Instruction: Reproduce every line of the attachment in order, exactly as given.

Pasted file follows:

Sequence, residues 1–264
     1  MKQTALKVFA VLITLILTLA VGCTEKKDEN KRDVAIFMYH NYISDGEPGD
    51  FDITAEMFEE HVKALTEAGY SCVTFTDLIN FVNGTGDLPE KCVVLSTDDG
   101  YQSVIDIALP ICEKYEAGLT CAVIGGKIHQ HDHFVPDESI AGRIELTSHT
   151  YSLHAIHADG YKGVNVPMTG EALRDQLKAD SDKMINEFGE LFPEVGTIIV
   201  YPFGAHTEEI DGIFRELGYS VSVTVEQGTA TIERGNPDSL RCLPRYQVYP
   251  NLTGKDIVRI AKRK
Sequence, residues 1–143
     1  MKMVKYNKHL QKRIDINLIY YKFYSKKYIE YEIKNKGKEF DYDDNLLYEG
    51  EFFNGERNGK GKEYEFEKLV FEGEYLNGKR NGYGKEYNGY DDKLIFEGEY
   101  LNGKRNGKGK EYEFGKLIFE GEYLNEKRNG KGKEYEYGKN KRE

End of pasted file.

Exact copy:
Sequence, residues 1–264
     1  MKQTALKVFA VLITLILTLA VGCTEKKDEN KRDVAIFMYH NYISDGEPGD
    51  FDITAEMFEE HVKALTEAGY SCVTFTDLIN FVNGTGDLPE KCVVLSTDDG
   101  YQSVIDIALP ICEKYEAGLT CAVIGGKIHQ HDHFVPDESI AGRIELTSHT
   151  YSLHAIHADG YKGVNVPMTG EALRDQLKAD SDKMINEFGE LFPEVGTIIV
   201  YPFGAHTEEI DGIFRELGYS VSVTVEQGTA TIERGNPDSL RCLPRYQVYP
   251  NLTGKDIVRI AKRK
Sequence, residues 1–143
     1  MKMVKYNKHL QKRIDINLIY YKFYSKKYIE YEIKNKGKEF DYDDNLLYEG
    51  EFFNGERNGK GKEYEFEKLV FEGEYLNGKR NGYGKEYNGY DDKLIFEGEY
   101  LNGKRNGKGK EYEFGKLIFE GEYLNEKRNG KGKEYEYGKN KRE